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In the United States, expert advice from a regional poison control center may be obtained by calling 1-800-222-1222. If cyanide poisoning is suspected, emergency medical personnel should be contacted immediately (dial 911).

 
Cyanide Poisoning vs Carbon Monoxide Poisoning | CYANIDE INSIGHT
Cyanide & carbon monoxide poisoning can be hard to distinguish. Learn ways to recognize features between CN and CO poisoning when assessing a potential victim.

Differentiating Between the Toxic Twins

The signs and symptoms of cyanide (CN) and carbon monoxide (CO) poisoning can be hard to distinguish. It is important to recognize the clinical features between CN and CO poisoning so that both can be treated appropriately. The table below may help you understand what to look for when assessing a potential victim.12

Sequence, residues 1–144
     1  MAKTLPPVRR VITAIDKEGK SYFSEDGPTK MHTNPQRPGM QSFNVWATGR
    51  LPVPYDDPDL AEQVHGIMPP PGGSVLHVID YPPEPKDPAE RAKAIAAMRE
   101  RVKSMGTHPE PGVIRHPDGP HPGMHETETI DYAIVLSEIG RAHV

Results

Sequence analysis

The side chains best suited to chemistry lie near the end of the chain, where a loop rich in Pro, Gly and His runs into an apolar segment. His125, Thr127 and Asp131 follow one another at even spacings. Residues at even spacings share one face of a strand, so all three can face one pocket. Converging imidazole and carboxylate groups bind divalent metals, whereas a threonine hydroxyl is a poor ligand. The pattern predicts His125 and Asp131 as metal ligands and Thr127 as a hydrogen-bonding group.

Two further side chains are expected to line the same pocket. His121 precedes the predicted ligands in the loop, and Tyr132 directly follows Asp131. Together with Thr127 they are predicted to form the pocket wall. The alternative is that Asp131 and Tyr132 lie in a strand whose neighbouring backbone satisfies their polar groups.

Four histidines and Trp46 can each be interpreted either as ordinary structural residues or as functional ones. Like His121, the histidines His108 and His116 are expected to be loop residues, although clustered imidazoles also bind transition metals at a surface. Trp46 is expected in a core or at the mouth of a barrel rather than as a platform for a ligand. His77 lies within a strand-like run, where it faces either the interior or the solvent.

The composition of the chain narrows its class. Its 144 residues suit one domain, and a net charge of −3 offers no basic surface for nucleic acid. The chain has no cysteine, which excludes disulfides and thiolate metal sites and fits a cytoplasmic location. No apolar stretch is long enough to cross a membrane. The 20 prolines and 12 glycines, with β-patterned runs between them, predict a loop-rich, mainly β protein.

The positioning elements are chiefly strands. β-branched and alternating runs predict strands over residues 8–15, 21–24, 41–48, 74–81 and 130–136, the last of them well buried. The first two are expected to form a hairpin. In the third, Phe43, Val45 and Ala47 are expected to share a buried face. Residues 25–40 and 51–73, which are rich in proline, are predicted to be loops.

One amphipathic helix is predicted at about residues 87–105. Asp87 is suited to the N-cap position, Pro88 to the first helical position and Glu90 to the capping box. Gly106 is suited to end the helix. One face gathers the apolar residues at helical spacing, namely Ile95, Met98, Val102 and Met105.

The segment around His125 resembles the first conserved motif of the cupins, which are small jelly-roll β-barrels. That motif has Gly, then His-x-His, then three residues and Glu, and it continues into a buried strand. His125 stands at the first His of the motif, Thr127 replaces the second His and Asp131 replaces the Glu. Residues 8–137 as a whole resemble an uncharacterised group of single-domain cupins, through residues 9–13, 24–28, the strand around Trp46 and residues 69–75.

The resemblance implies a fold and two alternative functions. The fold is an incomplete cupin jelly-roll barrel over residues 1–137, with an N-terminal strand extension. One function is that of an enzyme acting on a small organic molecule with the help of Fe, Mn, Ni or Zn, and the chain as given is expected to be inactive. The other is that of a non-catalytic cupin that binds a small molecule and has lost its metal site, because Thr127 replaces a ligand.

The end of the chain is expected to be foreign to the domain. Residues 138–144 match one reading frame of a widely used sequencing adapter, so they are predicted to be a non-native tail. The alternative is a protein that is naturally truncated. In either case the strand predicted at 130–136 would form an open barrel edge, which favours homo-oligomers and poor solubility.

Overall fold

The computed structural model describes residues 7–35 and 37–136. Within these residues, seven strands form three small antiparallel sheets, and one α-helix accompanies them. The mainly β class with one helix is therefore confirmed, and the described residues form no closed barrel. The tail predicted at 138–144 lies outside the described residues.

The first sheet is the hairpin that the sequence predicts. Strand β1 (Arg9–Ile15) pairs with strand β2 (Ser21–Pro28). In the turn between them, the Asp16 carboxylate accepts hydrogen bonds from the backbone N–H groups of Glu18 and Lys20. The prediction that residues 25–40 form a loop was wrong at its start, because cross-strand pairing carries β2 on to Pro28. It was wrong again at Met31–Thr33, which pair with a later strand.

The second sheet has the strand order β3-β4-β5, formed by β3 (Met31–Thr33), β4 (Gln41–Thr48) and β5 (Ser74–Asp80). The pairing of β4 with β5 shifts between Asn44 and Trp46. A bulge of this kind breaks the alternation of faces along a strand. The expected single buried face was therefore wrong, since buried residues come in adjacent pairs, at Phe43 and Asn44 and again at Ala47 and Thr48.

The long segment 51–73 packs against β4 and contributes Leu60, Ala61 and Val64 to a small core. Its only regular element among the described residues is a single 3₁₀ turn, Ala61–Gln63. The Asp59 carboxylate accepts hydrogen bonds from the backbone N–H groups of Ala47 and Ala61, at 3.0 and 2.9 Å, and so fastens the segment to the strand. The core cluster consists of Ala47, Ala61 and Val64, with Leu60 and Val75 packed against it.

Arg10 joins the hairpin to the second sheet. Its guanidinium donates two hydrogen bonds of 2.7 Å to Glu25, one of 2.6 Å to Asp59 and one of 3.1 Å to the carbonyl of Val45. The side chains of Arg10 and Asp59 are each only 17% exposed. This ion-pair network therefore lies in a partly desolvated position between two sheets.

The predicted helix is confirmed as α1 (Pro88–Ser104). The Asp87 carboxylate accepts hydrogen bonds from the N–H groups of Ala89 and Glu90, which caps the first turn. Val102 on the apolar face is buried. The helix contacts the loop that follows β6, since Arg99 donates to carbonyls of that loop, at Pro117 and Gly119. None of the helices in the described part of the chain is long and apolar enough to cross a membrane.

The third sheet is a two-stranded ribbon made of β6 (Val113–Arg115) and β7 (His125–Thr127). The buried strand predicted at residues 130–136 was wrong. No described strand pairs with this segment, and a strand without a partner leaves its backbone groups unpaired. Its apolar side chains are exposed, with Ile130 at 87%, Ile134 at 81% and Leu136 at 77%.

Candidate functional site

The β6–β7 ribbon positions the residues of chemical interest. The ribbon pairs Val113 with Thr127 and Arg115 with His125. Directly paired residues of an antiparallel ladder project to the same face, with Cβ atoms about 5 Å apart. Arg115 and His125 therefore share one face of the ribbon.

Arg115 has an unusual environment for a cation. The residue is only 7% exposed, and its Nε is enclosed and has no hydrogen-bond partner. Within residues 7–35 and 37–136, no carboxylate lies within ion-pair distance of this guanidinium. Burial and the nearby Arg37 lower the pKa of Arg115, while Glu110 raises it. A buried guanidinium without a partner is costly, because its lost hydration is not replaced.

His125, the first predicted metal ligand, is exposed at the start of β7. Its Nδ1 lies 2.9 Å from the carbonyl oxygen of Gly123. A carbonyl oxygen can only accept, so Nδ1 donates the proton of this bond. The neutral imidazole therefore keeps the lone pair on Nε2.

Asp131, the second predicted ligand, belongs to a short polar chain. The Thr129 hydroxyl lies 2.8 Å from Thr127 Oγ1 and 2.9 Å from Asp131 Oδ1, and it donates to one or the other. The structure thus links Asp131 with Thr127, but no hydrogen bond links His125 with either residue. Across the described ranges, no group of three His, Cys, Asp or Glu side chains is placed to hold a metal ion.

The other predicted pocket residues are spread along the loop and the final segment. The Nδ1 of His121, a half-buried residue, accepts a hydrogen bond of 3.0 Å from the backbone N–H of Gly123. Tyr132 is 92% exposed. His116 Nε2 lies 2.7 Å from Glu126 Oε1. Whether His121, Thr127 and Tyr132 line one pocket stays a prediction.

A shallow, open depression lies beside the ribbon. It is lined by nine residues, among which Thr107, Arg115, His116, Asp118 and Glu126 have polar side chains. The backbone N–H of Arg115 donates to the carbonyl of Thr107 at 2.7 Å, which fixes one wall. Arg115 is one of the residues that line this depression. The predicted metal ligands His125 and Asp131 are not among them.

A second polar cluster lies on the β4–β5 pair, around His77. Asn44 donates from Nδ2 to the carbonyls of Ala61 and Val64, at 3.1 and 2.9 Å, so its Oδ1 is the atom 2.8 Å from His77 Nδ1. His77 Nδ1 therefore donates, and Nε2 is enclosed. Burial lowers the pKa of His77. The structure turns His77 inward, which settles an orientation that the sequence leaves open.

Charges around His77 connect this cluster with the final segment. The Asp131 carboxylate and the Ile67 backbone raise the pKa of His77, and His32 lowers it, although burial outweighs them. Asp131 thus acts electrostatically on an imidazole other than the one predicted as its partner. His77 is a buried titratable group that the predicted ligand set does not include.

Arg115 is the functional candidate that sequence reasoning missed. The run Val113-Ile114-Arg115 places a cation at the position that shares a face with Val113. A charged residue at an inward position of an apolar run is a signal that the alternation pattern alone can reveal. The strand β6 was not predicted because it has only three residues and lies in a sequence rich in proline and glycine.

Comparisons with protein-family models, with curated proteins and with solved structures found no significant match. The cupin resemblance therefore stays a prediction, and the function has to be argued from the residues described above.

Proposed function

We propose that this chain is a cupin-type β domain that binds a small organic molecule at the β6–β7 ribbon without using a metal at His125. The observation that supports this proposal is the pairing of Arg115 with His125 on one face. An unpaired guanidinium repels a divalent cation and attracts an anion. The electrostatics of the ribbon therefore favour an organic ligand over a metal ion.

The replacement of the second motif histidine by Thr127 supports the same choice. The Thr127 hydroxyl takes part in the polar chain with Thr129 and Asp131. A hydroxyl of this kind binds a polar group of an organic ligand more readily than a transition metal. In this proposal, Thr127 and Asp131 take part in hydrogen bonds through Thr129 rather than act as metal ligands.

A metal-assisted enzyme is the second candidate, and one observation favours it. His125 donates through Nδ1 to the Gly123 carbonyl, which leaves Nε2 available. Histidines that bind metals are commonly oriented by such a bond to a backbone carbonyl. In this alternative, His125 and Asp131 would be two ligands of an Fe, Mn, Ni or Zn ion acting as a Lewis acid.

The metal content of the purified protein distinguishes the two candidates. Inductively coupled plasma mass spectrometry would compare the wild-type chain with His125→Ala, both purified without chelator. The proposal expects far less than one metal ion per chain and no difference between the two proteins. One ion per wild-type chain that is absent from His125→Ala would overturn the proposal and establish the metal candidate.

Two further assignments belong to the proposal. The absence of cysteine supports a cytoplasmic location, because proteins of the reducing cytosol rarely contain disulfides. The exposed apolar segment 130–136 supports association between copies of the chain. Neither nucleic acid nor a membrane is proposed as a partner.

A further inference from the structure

Chart of signs and symptoms of cyanide and carbon monoxide poisoning
Chart of signs and symptoms of cyanide and carbon monoxide poisoning

Similar symptoms, different dangers

Although CN and CO share similarities and are both present in fire smoke, there is evidence to suggest that CN may be a greater risk than its “toxic twin.”14

In Dallas County, Texas, a clinical study measured blood toxicity levels in 187 fire-smoke-inhalation patients over a 2-year period. Of the 144 patients who successfully made it to the emergency department, 12 had blood CN concentrations more than 1mg/L, and ultimately 8 of those 12 died. Furthermore, none of the deceased patients had blood COHb levels to suggest CO as a cause of death—leaving CN as the likely culprit for these fire smoke fatalities.14

Did you know?

Victims of CN poisoning have
also shown effects such as
deafness, weakness in the fingers
and toes, and impaired vision.1

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